Despite its immense potential, corruption, environmental pollution and religious divisions are tearing the country’s social and political fabric.
The culture of entitlement that is so prevalent among the Pakistani elite is leading the country to disaster. Are the elite willing to give up their terrible ways?
America’s drone warfare has caused thousands of innocent deaths in Pakistan. When will this nightmare end?
If Pakistan only faced external enemies, it would be easy to understand its problems. The real tragedy is that its rulers are the greatest enemies the state and the people have to face.
Pakistan turns 63 this month but it would be difficult to say a great deal positive about its style of governance or development in all these years. True, its birth was marred by great suffering and bloodshed, not in a formal war but during the migration of millions of people that were uprooted from their homes in India in August 1947.
After more than two months of military operations in Swat Valley, the Pakistan army spokesman, major general Athar Abbas claimed that 95 percent of the Valley had been cleared of militants.
The larger story from Lebanon’s June 7 parliamentary elections was neither the “defeat” of Hizbullah, as the Western media claimed, nor the resounding victory for the US-Saudi backed and financed March 14 movement. Its real significance lay in the fact that it may usher changes in Lebanon’s political landscape in ways that would have been unthinkable barely five years ago.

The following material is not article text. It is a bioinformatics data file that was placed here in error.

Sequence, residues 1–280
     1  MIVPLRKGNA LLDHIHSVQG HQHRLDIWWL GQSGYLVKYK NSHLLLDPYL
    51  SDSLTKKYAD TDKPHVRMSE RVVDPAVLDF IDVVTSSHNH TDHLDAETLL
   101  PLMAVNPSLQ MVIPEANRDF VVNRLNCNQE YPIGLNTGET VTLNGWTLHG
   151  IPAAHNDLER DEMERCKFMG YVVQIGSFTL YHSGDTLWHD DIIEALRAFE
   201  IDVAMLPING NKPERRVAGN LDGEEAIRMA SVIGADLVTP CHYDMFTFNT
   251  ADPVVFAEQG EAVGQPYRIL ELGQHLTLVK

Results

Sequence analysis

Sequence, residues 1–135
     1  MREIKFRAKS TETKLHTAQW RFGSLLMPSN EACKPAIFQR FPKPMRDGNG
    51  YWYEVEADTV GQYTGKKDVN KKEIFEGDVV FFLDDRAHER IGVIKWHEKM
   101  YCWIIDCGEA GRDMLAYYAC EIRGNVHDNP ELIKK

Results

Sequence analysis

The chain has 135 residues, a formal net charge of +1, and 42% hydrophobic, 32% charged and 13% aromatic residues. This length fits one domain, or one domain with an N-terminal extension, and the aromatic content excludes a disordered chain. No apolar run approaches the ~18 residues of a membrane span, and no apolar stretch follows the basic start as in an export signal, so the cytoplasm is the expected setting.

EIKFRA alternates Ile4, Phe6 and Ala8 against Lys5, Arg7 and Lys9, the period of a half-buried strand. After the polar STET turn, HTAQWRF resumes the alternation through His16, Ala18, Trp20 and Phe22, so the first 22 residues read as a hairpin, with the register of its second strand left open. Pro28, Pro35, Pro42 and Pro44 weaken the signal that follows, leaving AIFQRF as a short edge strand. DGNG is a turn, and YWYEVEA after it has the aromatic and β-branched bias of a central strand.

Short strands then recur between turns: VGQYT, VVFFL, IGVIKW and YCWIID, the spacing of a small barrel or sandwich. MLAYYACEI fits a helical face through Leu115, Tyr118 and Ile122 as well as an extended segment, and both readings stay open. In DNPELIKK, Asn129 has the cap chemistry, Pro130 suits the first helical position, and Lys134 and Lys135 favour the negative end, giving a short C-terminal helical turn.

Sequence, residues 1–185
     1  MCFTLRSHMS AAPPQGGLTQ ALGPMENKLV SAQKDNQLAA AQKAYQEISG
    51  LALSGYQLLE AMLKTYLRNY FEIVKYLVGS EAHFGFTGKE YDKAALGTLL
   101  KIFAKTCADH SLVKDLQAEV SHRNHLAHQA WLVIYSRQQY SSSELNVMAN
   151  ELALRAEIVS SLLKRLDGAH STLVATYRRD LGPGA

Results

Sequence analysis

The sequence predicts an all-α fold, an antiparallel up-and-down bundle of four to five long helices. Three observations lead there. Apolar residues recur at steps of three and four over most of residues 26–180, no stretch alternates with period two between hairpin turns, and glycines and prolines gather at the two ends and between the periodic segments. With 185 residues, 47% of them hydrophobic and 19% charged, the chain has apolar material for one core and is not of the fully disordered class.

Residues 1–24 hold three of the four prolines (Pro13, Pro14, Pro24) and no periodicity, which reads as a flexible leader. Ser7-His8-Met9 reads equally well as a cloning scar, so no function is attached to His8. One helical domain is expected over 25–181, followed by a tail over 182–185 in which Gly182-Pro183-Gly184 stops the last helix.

The recent history of Pakistan seems to be one of crisis after crisis, punctuated only by periods of waiting to see what the next crisis will be. Developments in the last month, however, have been ominous and dangerous even by Pakistani standards, raising genuine fears that the crisis now developing may reduce the country to levels of disorder and chaos unprecedented even in Pakistan’s turbulent history.
A powerful truck bomb tore through the Marriott Hotel in Islamabad a few hours after Asif Ali Zardari, Pakistan’s newly-elected President, addressed a joint session of Parliament on September 20. According to police sources, 53 persons were killed and more than 250 injured.
The long-overdue resignation of former general Pervez Musharraf from the presidency of Pakistan may have lifted his dark shadow from the political scene, but the problems of the people of Pakistan are far from over. They are now confronted by the frightening prospect of Asif Zardari, leader of the Pakistan People’s Party (PPP), becoming the country’s president.
The manner in which Asif Zardari is wriggling out of his promise to reinstate the judges who were illegally dismissed by general Musharraf on November 3 last year has increased people’s cynicism about Pakistani politicians. At long last the people thought that they had found in the judiciary, especially former chief justice Iftikhar Chaudhry, someone who would deliver them badly needed justice, but now they feel betrayed.
The results of Pakistan’s elections last month threw up no great surprises. Perhaps the only unexpected thing about them was that they passed relatively peacefully, with few attempts to disrupt the polling on the day, and only half-hearted attempts by the Musharraf regime to prevent the opposition parties’ successes.
Even the most ardent admirers of Benazir Bhutto do not deny that the former first family plundered the country’s wealth. Their defence of Benazir and her husband, Asif Ali Zardari, an even bigger crook, is that it is nothing uncommon.